Republicans Slam Reid’s Oil Spill Response Bill Floor Strategy
Republicans are not happy with Senate Majority Leader Harry Reid’s (D-Nev.) plan for oil spill legislation — they say the leader is giving the issue short shrift. The legislation is slated to come up for debate in the chamber tomorrow, and as I reported yesterday, Reid is trying to bring both the Democrat and the Republican oil spill response bills to the floor, though neither bill appears to have enough support to pass even an initial procedural vote.
Republicans argue that Reid has not devoted enough time to debate the merits of either bills, given the impending August recess and the busy floor schedule, which includes the nomination of Supreme Court nominee Elena Kagan. At the same time, they are angry that Reid is expected to restrict amendments on the bills.
Robert Dillon, Sen. Lisa Murkowski’s (R-Alaska) spokesperson, just sent an e-mail to reporters laying out these concerns. “We’ve gone from the majority leader scheduling two weeks to do energy legislation to one week to two days to one day to a couple of hours – for a process that can take months to do properly,” Dillon says in the e-mail. He continues: “This is further evidence that the majority leader does not expect the energy bill to move forward and that this is simply an exercise in political messaging.”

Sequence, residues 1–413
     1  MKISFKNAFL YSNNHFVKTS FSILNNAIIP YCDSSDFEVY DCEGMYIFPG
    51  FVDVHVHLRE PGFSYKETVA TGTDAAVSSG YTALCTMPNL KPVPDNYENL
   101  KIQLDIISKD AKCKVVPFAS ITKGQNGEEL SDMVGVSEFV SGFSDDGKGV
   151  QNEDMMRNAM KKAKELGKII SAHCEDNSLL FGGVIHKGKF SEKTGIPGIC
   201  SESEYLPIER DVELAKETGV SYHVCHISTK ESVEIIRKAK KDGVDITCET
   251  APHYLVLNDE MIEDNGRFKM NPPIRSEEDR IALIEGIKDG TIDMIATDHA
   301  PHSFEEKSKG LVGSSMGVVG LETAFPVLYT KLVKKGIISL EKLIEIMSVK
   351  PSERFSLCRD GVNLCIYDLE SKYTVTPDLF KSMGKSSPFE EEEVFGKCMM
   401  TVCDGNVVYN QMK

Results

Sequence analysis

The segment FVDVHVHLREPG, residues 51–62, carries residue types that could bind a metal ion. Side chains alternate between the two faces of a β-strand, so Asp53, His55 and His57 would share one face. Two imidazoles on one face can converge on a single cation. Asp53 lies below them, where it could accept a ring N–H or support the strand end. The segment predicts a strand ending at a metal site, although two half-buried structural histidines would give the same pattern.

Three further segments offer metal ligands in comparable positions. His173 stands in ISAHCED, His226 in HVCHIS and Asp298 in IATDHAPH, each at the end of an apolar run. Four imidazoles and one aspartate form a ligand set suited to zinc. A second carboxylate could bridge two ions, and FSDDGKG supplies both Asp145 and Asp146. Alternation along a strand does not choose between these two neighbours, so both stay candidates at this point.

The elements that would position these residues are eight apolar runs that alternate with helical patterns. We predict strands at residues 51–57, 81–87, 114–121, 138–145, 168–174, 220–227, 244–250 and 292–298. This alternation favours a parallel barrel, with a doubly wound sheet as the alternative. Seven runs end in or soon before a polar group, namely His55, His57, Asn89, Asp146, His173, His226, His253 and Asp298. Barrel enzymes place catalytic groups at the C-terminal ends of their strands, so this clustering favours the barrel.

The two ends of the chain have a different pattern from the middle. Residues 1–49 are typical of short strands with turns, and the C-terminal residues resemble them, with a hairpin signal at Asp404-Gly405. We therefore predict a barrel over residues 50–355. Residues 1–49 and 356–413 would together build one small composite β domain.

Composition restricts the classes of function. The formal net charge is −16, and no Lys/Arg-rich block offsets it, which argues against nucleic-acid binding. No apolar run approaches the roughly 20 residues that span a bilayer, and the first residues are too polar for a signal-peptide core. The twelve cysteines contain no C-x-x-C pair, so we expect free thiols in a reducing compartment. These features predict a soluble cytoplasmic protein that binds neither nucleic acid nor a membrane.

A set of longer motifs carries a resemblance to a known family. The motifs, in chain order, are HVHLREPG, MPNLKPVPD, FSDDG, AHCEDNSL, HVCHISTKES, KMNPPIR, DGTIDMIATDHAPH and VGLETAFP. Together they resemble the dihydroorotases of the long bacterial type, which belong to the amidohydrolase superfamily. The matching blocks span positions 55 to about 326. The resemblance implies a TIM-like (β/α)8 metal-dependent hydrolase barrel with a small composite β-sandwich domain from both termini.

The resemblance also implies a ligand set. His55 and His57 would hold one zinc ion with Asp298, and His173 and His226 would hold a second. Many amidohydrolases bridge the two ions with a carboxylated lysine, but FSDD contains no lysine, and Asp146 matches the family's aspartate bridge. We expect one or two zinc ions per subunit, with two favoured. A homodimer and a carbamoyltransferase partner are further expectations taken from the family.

Dillon touts the Republican oil spill response bill. “The majority leader can try to blame Republicans for his failures all he wants, but the truth is Republicans have offered a better spill bill that is more responsible and far less costly than the messaging bill proposed by Reid,” he says.
While the Republican alternative bill is similar in many ways the the Democrats’ version, the Republican legislation does not completely remove the cap on a company’s liability for economic damages in the event of an oil spill.
Dillon describes the Republican liability language this way: “The Republican proposal increases the strict liability cap for offshore projects through an assessment based on risk factors such as water depth and the operator’s safety record. It establishes an industry-funded risk pool, which will force industry to police itself and pay for any costs that exceed the ability of an individual company. This system will guarantee that taxpayers never pay a dime in the event of a future spill.”